Ready to gear up for your own cycling adventure and not sure where to start? We’ve talked to our resident cycle enthusiast and got the 411 on where to start:
Visit Skagit Cycle
Located in downtown Oak Harbor on Pioneer, Skagit Cycle is a blessing to all Whidbey Island cyclists. The employees are knowledgeable and eager to help. Simply spend a few minutes with any sales associate and you will soon be out the door with exactly what you need to get your journey started. Check them out here.
A dangerous mistake made by one too many riders is not taking proper precautions. Biking without a helmet or proper attire is a large risk that can cost your life. Make sure when to wear a helmet properly fitted to your head, clothes that are bright and easy to spot, and include proper reflectors/lights on your bike if you are going to be riding at night.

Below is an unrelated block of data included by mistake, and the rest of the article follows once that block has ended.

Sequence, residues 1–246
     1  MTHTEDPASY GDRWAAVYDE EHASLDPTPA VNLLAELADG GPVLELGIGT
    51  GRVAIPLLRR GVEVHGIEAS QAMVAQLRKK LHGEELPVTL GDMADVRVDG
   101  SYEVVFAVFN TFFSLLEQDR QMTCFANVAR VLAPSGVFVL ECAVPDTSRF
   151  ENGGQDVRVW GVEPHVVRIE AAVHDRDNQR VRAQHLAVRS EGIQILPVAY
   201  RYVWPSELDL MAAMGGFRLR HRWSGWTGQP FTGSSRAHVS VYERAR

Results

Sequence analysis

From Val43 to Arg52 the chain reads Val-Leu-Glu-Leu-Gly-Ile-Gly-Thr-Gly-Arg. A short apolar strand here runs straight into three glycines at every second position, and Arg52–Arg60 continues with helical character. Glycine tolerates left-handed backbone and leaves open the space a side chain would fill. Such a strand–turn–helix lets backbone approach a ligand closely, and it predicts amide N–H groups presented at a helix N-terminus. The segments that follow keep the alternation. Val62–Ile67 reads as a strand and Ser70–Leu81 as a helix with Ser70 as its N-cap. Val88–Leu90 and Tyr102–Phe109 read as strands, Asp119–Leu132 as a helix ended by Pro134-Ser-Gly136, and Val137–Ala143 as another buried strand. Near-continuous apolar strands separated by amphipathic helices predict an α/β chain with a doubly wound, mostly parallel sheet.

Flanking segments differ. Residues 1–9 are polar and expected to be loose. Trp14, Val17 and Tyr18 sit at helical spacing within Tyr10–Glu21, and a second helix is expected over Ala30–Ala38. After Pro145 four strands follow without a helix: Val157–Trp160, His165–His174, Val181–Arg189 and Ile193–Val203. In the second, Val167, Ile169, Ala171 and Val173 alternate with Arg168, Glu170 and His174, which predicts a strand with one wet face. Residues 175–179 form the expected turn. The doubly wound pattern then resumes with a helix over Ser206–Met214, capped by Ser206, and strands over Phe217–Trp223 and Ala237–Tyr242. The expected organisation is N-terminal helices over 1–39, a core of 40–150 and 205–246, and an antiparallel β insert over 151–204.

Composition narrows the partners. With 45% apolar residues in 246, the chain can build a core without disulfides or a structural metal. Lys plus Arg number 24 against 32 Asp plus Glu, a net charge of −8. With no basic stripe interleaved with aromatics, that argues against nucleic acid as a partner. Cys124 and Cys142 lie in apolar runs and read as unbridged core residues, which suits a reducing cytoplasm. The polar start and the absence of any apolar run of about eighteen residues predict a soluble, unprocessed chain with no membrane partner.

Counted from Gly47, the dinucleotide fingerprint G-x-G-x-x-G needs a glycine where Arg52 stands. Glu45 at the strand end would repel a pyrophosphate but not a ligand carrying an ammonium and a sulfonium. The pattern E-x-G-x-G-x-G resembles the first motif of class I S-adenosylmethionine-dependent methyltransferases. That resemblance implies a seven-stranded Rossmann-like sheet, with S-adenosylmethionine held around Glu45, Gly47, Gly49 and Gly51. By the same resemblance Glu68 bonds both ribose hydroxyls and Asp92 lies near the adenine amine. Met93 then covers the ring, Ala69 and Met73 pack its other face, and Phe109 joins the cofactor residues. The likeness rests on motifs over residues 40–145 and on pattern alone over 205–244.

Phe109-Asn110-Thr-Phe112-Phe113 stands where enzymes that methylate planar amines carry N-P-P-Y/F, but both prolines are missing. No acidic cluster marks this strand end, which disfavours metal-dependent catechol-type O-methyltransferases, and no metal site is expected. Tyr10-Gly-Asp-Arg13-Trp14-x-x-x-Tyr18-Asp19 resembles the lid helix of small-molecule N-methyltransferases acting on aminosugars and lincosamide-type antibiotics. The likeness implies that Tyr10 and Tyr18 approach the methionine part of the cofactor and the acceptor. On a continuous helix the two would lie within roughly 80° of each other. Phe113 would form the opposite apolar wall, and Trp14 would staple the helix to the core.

Try Crockett Lake
Crockett Lake (near the Coupeville ferry and Fort Casey) is a great starting point for any new cyclist. The low traffic roads and relatively flat area provide a ride that eases newcomers into the activity while still enjoying some spectacular island views. When you’re done grab an ice cream or meal at Callen’s Restaurant across from the ferry terminal.
So, get out there! You’re sure to have a wheel good time.